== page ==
Irving Stackpole, Elizabeth Ziemba Interview Ahead of Zagreb Health Cluster Seminar

Total Croatia News

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March 18, 2019 – More international medical tourism expertise is heading to Zagreb to help grow the Croatian medical tourism story, as Irving Stackpole and Elizabeth Ziemba host a boutique seminar at Bagatin Education Centre in Zagreb next week. 

The number of international medical tourism experts passing through Croatia these days is really quite incredible. 

Although covering the health tourism industry is only a small part of what I do, it seems that every time I look at it, there is another global expert in town. I got to meet and interview Joe Sweet, International Patient Experience Director for the world-renowned Cleveland Clinic last week. Sweet was one of 22 international speakers at the 5th Annual Medical Tourism Conference in Zagreb, speakers which also included Irving Stackpole and Elizabeth Ziemba. You can read more about the conference here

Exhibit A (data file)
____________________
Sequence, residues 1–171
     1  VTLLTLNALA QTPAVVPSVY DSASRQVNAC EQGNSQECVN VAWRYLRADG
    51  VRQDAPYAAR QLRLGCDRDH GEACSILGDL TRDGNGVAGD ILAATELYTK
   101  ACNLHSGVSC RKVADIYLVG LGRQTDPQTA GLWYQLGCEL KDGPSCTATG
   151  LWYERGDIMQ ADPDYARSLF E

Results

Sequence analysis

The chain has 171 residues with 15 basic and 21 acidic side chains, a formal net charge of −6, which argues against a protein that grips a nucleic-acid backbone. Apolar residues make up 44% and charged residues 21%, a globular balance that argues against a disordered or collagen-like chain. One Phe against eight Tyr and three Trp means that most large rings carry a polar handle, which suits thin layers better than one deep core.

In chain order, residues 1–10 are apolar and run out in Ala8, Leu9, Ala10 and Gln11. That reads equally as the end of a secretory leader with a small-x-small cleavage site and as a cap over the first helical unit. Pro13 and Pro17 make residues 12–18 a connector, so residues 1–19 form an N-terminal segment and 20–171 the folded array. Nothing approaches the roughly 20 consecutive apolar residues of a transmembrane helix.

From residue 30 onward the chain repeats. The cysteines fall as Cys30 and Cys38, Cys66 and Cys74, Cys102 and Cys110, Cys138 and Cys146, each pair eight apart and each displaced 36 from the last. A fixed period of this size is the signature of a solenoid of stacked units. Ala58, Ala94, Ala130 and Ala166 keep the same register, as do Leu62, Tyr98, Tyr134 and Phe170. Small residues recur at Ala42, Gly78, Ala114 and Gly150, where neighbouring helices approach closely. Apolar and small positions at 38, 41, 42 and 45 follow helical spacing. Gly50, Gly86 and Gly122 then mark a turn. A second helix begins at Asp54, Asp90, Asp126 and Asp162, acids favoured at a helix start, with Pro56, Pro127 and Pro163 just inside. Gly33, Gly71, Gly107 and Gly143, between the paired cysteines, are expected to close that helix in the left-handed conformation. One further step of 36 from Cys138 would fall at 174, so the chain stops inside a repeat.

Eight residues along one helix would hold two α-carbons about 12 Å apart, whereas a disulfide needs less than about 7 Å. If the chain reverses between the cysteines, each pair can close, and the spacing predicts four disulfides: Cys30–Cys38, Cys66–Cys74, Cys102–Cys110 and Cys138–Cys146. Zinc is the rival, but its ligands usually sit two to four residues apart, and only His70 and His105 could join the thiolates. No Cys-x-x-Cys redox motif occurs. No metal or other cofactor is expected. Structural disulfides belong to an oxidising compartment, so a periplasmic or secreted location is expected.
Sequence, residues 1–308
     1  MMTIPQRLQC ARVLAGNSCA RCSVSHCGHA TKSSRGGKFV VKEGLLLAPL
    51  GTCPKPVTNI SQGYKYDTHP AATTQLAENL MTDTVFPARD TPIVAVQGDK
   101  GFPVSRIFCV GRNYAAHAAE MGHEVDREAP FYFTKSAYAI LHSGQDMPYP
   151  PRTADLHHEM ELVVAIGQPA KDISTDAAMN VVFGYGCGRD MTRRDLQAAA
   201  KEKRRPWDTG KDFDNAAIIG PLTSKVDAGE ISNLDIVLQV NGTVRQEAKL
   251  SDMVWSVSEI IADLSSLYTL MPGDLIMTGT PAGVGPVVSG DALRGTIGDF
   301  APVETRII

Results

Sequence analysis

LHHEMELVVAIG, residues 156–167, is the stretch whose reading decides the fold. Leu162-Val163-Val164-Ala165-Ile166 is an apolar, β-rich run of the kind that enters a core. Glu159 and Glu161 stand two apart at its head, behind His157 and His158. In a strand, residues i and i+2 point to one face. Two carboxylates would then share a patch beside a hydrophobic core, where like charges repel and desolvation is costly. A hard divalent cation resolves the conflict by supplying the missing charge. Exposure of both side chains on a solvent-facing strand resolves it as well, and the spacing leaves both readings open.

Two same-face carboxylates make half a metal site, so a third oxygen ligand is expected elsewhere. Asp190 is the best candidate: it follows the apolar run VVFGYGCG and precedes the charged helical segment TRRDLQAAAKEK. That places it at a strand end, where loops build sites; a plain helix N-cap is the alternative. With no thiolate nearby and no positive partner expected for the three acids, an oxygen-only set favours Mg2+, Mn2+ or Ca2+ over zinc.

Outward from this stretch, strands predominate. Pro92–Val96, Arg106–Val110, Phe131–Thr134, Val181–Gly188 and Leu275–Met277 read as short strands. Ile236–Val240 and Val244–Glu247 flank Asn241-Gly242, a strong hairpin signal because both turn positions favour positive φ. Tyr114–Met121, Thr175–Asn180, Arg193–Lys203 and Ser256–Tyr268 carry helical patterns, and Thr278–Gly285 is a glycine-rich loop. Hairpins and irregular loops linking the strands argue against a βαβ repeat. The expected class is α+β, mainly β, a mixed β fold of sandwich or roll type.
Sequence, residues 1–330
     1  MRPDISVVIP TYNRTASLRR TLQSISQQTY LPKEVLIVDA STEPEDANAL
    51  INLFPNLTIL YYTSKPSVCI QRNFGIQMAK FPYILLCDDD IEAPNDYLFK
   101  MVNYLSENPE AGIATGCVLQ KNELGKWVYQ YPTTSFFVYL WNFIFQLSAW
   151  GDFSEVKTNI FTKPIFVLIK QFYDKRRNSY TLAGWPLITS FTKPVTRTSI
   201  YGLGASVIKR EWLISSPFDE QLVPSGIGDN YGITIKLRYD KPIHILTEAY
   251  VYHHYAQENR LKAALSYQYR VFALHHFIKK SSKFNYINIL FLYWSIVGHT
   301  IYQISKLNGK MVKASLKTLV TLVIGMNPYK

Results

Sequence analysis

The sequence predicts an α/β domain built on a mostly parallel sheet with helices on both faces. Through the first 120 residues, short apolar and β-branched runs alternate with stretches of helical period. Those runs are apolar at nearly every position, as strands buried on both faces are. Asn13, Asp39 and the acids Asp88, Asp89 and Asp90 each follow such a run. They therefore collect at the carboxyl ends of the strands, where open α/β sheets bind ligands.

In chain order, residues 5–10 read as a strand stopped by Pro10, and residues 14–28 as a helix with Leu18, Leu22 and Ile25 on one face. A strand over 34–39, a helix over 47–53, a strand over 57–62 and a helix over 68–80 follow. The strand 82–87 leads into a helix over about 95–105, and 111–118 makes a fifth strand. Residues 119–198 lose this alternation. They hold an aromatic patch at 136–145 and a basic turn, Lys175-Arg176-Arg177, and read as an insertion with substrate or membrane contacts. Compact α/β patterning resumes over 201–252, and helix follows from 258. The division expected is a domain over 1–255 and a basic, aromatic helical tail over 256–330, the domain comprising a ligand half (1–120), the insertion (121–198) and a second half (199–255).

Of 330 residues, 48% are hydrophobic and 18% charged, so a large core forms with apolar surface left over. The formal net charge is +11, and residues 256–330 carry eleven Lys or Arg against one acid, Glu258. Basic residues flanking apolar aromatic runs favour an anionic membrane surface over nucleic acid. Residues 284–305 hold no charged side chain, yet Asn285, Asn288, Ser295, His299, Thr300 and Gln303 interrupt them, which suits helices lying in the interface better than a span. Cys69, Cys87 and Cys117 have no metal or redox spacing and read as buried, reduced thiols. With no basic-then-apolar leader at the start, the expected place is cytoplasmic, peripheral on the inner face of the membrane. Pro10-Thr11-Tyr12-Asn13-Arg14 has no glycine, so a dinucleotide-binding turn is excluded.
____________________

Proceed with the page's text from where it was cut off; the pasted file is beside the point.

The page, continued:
I had already been in touch with Stackpole and Ziemba by means of an email interview ahead of their next visit to Zagreb, on March 26. 

While there are numerous conferences in the field of medical tourism in Croatia, there is even more happening in the background, with the Bagatin Education Centre in Zagreb holding a range of events. This is where I met medical tourism branding guru Ilan Geva at a recent workshop, and where Stackpole and Ziemba will be hosting a workshop on Taking Cluster Development to the Next Level: Changing the Course of Medical Travel.

1. It is great that you are coming to Croatia to share your expertise with local stakeholders. Tell us how the trip came about and anything else you will be doing while here.  

IRVING: While we met Ognjen Bagatin years ago, it was at the World Health Care Congress in Washington DC in 2018 when we had an opportunity to discuss with him in detail the evolution of the health tourism markets in Croatia. Developing a workshop in Croatia came from that conversation.